W. Va. Dep't of Health & Human Res. v. E.H., Nos. 14–0664

CourtSupreme Court of West Virginia
Writing for the CourtLOUGHRY, Justice
Citation778 S.E.2d 643,236 W.Va. 194
PartiesWEST VIRGINIA DEPARTMENT OF HEALTH AND HUMAN RESOURCES, BUREAU FOR BEHAVIORAL HEALTH AND HEALTH FACILITIES, Respondent Below, Petitioner v. E.H., et al. Petitioners Below, Respondents.
Decision Date07 October 2015
Docket NumberNos. 14–0664,14–0845.

236 W.Va. 194
778 S.E.2d 643

WEST VIRGINIA DEPARTMENT OF HEALTH AND HUMAN RESOURCES, BUREAU FOR BEHAVIORAL HEALTH AND HEALTH FACILITIES, Respondent Below, Petitioner
v.
E.H., et al.
Petitioners Below, Respondents.

Nos. 14–0664
14–0845.

Supreme Court of Appeals of West Virginia.

Submitted Sept. 2, 2015.
Decided Oct. 7, 2015.


Patrick Morrisey, Esq., Attorney General, Elbert Lin, Esq., Solicitor General, Daniel W. Greear, Esq., Chief Counsel, Julie Marie Blake, Esq., Assistant Attorney General, Charleston, WV, for Petitioner.

Lydia C. Milnes, Esq., Jennifer S. Wagner, Esq., Mountain State Justice, Inc., Charleston, WV, for Respondents.

Opinion
778 S.E.2d 646

LOUGHRY, Justice:

This case is before the Court on the consolidated appeals of the petitioner, the West Virginia Department of Health and Human Resources, Bureau for Behavioral Health and Health Facilities (the “DHHR,” unless otherwise indicated), seeking relief from the June 3, 2014, and August 13, 2014, orders of the Circuit Court of Kanawha County. As grounds for this appeal, the DHHR asserts: (1) this Court has appellate jurisdiction to consider these appeals despite the circuit court's failure to certify the challenged orders as partial final judgments; (2) the circuit court exceeded its authority under the separation of powers doctrine and our West Virginia precedent by compelling compliance with an Agreed Order entered on July 2, 2009, through the immediate implementation of a pay raise restructuring plan at two state mental health hospitals; and (3) it reasonably believed the 2009 Agreed Order only required an increase to the salaries of existing direct care employees. Following a careful review of the briefs, the arguments of counsel, the lengthy appendix record submitted, and applicable law, we reverse the circuit court's refusal to declare the particular rulings on appeal as partial final judgments, but we otherwise affirm the orders at issue.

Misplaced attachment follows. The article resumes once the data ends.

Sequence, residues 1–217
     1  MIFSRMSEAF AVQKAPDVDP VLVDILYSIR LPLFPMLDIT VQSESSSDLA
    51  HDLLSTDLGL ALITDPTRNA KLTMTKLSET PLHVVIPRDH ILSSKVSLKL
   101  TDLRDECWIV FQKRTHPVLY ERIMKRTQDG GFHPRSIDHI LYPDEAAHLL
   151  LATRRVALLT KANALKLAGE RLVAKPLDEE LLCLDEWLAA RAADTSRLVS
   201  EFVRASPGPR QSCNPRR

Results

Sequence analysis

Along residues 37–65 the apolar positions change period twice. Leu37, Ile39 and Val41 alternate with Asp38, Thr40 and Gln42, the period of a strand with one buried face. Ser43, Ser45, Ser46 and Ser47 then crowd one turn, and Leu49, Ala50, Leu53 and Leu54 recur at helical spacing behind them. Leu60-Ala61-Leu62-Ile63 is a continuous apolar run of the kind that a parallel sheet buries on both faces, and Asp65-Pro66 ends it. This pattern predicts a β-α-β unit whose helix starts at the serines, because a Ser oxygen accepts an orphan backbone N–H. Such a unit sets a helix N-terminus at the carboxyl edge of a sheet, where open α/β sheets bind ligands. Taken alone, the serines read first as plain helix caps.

I. Facts and Procedural Background 1

In order to fully appreciate the circuit court's rulings on appeal, it is necessary to review the history of this institutional reform litigation that began in 1981 when a group of patients at the Mildred Mitchell–Bateman Hospital (“Bateman”)2filed a mandamus action in this Court seeking judicial intervention for deplorable conditions described as the “ ‘Dickensian Squalor’ of unconscionable magnitudes of West Virginia's mental institutions.” E.H. v. Matin,168 W.Va. 248, 249, 284 S.E.2d 232, 233 (1981)(internal citation omitted) (“Matin I”). The Court stated that it was only being asked “to order the executive branch to fulfill its obligation under clear and unambiguous statutory provisions[,]” recognizing that the Legislature had previously “acknowledged its concern for both humane conditions of custody and effective therapeutic treatment ...” through its passage of West Virginia Code § 27–5–93in 1977. Matin I,168 W.Va. at 257, 284 S.E.2d at 237. The Court transferred the case to the Circuit Court of Kanawha County for the purpose of monitoring compliance while bearing in mind the following: